Flashback Friday: “The Castaways of the Flying Dutchman” Series

Madeline Poage ’17 / Emertainment Monthly Staff Writer

The premise is simple. One boy, Ben. One dog, Ned. It’s the early 1600s in Denmark, and the Flying Dutchman, a ship commanded by the fearsome Captain Vanderdecken and crewed by a gang of murderous villains, has two new stowaways. Two innocents, who, when an angel swathed in Saint Elmo’s fire descends to finally condemn all those aboard, are saved. While the captain, crew, and vessel become doomed to haunt the seven seas as an infamous ghost ship for all eternity, Ben and Ned are washed ashore to begin their lives anew. Given mastery over all languages, the ability to communicate telepathically with one another, and everlasting life, they travel the world as constant companions and earthly angels, ordained to roam forever.

Book 2 in the Series, "The Angel's Command." Photo Credit: Puffin Books
Book 2 in the Series, “The Angel’s Command.” Photo Credit: Puffin Books

The series begins with this origin story, and the remainder of the first book and the two that follow, The Angel’s Command and Voyage of Slaves, detail Ben and Ned’s adventures that crisscross the globe and time periods. Author Brian Jacques’s special brand of magic shines through the boy and his dog, who share one of the most endearing and eternal friendships ever put on a page, characterized by unswerving devotion. From the Mediterranean slave trade between Tripoli and Italy, to the swashbuckling seas of the Golden Age of Piracy, to the industrialization of the English countryside in the late 1800s, the two find themselves embroiled in trouble wherever they go, finding the oppressed and restoring balance.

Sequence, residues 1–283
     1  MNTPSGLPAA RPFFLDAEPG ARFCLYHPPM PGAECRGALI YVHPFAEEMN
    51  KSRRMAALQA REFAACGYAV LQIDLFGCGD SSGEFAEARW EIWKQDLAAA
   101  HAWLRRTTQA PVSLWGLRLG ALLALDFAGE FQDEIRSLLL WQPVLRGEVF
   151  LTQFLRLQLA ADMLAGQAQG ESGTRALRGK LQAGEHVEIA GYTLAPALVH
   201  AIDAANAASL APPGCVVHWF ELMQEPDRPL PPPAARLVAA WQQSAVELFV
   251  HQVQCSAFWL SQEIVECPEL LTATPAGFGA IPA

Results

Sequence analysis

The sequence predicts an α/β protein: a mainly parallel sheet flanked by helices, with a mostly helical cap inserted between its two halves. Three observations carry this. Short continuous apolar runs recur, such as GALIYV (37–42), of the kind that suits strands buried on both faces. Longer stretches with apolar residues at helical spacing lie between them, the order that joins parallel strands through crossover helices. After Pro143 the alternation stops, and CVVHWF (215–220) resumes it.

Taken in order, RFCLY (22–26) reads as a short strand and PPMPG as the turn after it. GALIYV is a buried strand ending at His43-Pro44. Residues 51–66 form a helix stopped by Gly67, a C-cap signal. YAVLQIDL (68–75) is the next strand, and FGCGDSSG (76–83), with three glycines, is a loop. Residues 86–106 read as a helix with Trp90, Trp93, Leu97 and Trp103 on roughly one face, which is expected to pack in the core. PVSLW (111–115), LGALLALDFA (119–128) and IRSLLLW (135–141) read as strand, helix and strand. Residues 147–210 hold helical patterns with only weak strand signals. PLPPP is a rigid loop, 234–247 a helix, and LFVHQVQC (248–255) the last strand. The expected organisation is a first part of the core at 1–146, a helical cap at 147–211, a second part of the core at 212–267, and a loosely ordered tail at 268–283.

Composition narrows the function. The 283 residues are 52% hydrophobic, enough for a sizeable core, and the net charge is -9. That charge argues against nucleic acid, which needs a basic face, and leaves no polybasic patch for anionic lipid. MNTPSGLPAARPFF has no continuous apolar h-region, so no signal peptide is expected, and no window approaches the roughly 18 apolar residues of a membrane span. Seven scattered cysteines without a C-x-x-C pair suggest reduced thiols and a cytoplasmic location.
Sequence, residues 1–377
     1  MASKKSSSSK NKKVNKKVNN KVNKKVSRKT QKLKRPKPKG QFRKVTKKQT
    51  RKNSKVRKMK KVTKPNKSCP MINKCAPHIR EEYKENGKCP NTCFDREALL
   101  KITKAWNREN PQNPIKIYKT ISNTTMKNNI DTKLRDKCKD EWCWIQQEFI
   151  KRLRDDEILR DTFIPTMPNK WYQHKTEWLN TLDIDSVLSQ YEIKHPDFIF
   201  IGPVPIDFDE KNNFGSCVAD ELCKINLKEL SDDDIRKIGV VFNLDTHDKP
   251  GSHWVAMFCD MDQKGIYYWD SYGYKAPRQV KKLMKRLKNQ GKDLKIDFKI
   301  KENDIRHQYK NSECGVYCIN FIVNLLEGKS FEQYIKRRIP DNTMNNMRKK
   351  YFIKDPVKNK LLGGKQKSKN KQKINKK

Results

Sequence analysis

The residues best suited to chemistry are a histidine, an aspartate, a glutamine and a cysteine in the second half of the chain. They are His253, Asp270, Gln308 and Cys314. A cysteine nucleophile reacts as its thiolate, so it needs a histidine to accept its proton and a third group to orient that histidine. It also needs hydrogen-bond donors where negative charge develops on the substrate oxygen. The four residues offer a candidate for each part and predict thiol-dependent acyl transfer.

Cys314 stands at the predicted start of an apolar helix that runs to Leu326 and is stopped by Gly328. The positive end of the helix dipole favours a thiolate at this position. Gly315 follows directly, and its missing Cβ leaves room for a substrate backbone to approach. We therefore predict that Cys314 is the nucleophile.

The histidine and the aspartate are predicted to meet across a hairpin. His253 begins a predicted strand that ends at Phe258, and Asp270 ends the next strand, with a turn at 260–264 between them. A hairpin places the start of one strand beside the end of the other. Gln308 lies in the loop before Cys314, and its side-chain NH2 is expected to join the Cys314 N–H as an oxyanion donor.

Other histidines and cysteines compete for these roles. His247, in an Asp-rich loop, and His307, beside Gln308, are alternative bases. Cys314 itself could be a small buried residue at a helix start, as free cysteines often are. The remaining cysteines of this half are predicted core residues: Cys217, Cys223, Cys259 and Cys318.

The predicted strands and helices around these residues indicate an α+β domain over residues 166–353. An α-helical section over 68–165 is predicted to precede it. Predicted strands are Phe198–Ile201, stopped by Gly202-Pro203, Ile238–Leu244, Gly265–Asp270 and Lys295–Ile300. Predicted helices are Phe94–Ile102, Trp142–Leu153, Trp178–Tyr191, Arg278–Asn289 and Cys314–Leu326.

From this formula emerge small, beautiful glimpses into peoples’ lives, rolled together with quick-paced and entertaining action that is alternately comical and grim, with some surprisingly dark twists. Riddles guarding hidden treasures that ache to be unraveled, buccaneers and corsairs battling on the high seas, and mystic, secretive clans high in the Pyrenees mountains are only a few of the situations Ben and Ned fall into. Along the way, they meet an array of eccentric and compelling characters — artists, thieves, circus-folk, smugglers, and veterinarians, among others — keeping the stories surging with a dynamism and spirit.

But it isn’t all daring thrills — Ben and Ned serve as the emotional core of the books, hilarious and heartwarming as two best friends who only have each other. Because despite the fun along the way, there is a genuine tragedy to these tales, all of which can only end one way: with the departure of Ben and Ned. They must always move on once a problem is solved and leave behind the colorful characters they, and the reader, have come to love. Their immortality, both their blessing and curse, haunts all three books, and by the time the 19th century rolls around, the weight of two hundred years is tangible. The books tap into the joy of classic adventure, the quiet sorrow of loneliness, and the series remains an energetic exploration of the power of friendship. Two endless wanderers — the boy with blue, ageless eyes and his black lab — is an image burned into the brain of every person they meet in their journeys, and certainly that of the reader.

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